Life After Separation

By Cecilia Lemus
Posted May 1,2019

The Parole in Place program for US immigrants who are family members of military personnel

Sebastian Gil enlisted in the U.S. Marines following high school graduation. (Courtesy Sebastian Gil)


As he buttons his U.S. Marine Corps uniform, Sebastian Gil wears a sense of pride with a deep belonging to his country; the same country that deported his family.

His parents, Cecilia Clavijo and John Gil, brought in 2016 their three children, Sebastian, Amattiel and Mateo to the U.S. on tourist visas and overstayed the three months allowed by their visas. They settled into a new home, adopted a dog and enrolled their children in school. They continued to build their lives in the U.S., knowing their visas had expired.

In February 2017 his family was questioned and detained while driving to a park at the beach, and eventually deported to Spain. Sebastian, the only U.S. citizen in his family, was at home at the time.

Sebastian remained in South Florida while his family awaited deportation from separate detention centers. Friends and strangers gave him food and a place to stay while he finished high school in Hollywood, Fla. He thought about enlisting in the military following graduation. His parents and siblings were placed on a flight to Spain in March 2017. He was alone. He told his recruiter he wanted to join the Marines as soon as possible.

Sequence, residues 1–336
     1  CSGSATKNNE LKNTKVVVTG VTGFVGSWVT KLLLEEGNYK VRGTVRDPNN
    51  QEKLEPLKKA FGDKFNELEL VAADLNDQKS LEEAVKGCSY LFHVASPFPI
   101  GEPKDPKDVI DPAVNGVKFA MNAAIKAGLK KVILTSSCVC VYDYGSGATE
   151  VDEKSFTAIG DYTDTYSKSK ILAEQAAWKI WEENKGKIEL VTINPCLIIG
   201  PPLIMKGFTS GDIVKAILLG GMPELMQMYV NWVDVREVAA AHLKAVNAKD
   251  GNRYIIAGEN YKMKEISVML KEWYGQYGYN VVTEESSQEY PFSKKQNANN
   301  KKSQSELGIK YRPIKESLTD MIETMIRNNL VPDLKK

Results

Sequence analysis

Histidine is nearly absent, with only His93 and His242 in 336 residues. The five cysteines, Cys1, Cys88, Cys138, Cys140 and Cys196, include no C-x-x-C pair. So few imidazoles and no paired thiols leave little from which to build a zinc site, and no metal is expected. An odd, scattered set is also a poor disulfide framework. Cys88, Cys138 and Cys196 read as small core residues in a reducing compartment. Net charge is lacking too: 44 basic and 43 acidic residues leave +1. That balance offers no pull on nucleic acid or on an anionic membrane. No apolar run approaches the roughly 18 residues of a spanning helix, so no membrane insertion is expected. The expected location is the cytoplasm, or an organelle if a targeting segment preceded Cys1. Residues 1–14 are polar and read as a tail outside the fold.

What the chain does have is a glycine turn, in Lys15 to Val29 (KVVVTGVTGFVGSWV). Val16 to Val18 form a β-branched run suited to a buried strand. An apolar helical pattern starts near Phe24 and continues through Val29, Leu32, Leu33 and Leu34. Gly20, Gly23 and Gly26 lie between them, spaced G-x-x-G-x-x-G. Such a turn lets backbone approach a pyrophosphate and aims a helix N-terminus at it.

Sebastian Gil graduated from McArthur High School in 2017 after his family was deported. (Courtesy Sebastian Gil)

US Immigration Attorneys Help some Immigrants, Members of Military Families, with Parole in PlaceAdjusting to the first few days of boot camp was challenging for Sebastian, but he eventually found routine in the military.

Describing himself as skinny and weak, “I went in with little expectations,” he said.

After boot camp, Sebastian entered Marine Combat Training and now works as a motor transportation operator at Camp Lejeune, North Carolina.

English is not his first language, but he is comfortable speaking it and his military duties and work have helped him improve his English.

He said the transition into the Marine Corps was rough, but he can’t complain — he has a job, home and food.

In his spare time, he plays video games and reads. He’s reading a military ethics book and hopes to learn enough to get promoted.

His days are long, beginning at 4 a.m. He completes an hour of physical training and takes college classes for graphic design. Outside of work and school, when their schedules align, Sebastian talks to his family on the phone or via video chat.

Sebastian’s family adjusted to their new life in Valencia, Spain — a stark difference from South Florida — but life in Spain was not unfamiliar to them. They had lived there before after leaving their home in Columbia in search of work and better education.